Due to delay of our flight from Nairobi our arrival was unfortunately a bit later at Mwanzay, but Dirk was our representative on behalf of the welcoming committee.
Patients were already waiting In Sumve. A total of more than 50 patients presented till eight pm. Some of them without obvious orthopedic problems, but the majority had an abnormality of the musculoskeletal system. Unfortunately, we couldn’t offer treatment in a few patients because of the limited surgical options such as absence of fluoroscopy or specific instruments.
The remaining patients were eligible for a (surgical) treatment. Patients with (old) clubfeet, crooked legs due to malnutrition and old fractures were enlisted for OR. All patients are treated the next two days in 2 Operating Rooms with the help of a local team and two Nijmegen interns Kevin and Jose. The children received a cuddle toy for comfort after surgery. See photo
The organization of hospital has been changed. Dr. Wilhelima is the new head, just graduated and direct responsible for the entire hospital!
Dirk and Tineke are volunteers and (re) settled in Sumve and are therefore an excellent contact for us. In the future they will be able to organize our missions. Meanwhile there are several grant applications running for various hospital projects ensuring development of the Sumve hospital. However Njokuti contribution will be essential in the future.
On the next, very early Sunday morning we flown back over beautiful Serengeti to Arusha Luthern Medical Center for the second period.
Monday was outpatient clinic day, but unfortunately there were less outreach patients than last year. Perhaps due to the fact that Paula returned to Britain in combination with the pregnancy of Sarah what could result in less time can be spent for the outreach program. Another cause could be that the local orthopedic team consisted of dr Kibira and Dr Peter are able to treat clubfeet and crooked legs . A obviously very good development!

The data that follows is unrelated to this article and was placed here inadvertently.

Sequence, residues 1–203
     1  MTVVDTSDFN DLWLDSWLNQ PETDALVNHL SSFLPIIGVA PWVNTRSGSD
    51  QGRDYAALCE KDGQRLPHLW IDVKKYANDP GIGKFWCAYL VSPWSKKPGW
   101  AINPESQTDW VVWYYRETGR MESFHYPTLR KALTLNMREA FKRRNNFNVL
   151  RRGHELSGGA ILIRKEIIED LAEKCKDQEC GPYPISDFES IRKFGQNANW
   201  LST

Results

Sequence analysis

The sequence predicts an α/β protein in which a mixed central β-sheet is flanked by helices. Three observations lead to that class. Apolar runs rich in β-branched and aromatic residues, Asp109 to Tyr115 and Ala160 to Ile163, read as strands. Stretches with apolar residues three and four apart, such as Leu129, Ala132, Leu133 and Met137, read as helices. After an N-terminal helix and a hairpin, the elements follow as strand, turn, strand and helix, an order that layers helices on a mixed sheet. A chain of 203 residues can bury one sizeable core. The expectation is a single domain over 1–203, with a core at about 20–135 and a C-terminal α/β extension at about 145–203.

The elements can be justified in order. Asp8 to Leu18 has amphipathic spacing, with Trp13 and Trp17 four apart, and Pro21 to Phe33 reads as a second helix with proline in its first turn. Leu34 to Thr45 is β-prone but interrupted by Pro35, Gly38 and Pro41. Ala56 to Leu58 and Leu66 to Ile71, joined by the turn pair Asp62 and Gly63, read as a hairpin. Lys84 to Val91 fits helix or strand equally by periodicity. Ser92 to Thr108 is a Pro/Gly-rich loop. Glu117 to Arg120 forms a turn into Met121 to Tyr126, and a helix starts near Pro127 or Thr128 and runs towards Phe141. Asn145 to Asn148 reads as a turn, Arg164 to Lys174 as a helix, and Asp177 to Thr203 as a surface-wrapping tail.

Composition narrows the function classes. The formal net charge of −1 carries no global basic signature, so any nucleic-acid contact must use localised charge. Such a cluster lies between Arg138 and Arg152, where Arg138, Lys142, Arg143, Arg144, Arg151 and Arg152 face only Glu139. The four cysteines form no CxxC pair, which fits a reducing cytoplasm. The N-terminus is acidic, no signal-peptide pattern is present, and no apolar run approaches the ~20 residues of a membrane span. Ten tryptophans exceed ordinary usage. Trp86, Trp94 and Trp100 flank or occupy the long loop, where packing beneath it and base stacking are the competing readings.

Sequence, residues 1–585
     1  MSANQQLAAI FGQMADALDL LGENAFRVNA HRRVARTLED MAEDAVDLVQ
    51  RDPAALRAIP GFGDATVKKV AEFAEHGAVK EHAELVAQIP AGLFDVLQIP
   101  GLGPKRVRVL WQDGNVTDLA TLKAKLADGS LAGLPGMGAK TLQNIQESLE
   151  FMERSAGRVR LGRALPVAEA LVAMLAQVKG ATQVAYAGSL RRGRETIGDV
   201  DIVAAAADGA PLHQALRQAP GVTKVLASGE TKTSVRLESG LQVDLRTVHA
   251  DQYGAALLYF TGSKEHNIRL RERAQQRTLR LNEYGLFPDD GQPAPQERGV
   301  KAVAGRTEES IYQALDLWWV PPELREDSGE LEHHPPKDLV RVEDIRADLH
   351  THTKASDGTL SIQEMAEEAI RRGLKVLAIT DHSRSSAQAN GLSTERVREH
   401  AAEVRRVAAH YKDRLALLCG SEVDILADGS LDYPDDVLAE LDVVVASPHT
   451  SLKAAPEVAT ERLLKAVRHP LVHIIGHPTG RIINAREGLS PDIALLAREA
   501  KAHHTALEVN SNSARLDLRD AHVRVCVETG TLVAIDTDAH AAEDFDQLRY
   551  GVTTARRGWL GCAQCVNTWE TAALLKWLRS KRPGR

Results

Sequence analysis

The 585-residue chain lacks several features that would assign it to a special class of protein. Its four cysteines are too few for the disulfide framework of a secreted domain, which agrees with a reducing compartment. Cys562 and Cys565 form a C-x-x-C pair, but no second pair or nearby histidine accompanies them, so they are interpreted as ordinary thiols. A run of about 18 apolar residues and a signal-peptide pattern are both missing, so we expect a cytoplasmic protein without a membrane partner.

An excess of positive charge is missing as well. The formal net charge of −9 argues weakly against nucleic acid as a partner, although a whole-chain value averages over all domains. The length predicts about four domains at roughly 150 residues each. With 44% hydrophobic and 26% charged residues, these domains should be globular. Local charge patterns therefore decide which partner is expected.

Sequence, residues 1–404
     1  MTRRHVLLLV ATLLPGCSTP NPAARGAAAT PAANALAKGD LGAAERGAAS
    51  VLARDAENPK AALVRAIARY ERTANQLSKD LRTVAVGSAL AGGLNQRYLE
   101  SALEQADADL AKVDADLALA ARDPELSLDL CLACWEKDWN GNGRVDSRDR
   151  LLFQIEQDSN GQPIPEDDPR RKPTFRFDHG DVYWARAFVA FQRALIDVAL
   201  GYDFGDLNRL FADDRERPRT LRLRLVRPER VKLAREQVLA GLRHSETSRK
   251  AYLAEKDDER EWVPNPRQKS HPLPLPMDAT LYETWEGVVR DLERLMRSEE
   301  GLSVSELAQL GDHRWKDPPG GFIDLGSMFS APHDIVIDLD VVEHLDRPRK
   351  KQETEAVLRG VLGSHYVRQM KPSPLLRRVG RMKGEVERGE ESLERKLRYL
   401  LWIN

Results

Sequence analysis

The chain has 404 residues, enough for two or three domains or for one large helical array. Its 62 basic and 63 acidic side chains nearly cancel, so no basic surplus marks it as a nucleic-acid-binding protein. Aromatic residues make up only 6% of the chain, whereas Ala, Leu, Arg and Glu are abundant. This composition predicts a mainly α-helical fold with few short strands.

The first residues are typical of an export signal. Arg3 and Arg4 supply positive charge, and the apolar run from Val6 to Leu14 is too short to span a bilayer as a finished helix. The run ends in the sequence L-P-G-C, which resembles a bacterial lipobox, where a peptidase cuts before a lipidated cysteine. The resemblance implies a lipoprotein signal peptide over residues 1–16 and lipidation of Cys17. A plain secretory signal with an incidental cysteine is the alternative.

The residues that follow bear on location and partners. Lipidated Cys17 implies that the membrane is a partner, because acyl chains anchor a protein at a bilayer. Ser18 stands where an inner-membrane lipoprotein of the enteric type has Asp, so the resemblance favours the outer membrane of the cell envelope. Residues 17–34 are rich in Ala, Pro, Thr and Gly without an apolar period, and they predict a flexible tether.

We encountered children with (old) fractures and crooked legs during this consultation, but remarkably few clubfeet. We were able to use 2 operating rooms, but it was not really necessary because of the amount of patients. This time-leftover was in favor for training and education. The equipment and instrumentation was pretty good, although it could still be organized better. We have not ventured arthroscopic surgery, but this could be done in the future, only when maintenance of the equipment can be guaranteed.
Although there is hardly any other treatment option available, we couldn’t offer surgical treatment for a young patient suffering from an extensive bone tumor of the upper arm. This after extensive consultations with the staff and facing high risk of complications. Also one case of pathological fracture due to bone infection could not be operated on due to pulmonary problems and anemia. The remaining patients were enlisted for surgical treatment.
On our last day we have visited the old Selian hospital. This hospital has significantly fewer facilities, but could certainly be on the program as part of Arusha visit.
In summary, as in 2011, a very efficient program. We could expand in Sumve , as Dirk and Tineke provide a good base and contact for our missions. Lack of tools and operating instruments are a serious problem. We could consider using a volume sea-container to transport equipment. Contact address is located in Zeeland, the Netherlands. Tools and financial contribution will be further discussed and elaborated. In addition, aftercare of post-operated patients is not always well organized and is a concern.
ALMC is under its way and will probably need less orthopedic help in the future. Also plastic surgery care is taken care, mainly short-term, by physicians from the U.S. However good training to local doctors is more important for structural care. Offered orthopedic problems mainly consist of complex problems what not always can be treated because of limited possibilities. However, opportunities for expansion of both plastic and orthopedic care are available at Selian Hospital and need to be developed in near future.
Writen by: Peer Poelmann and Ron Onstenk (orthopaedic surgeons)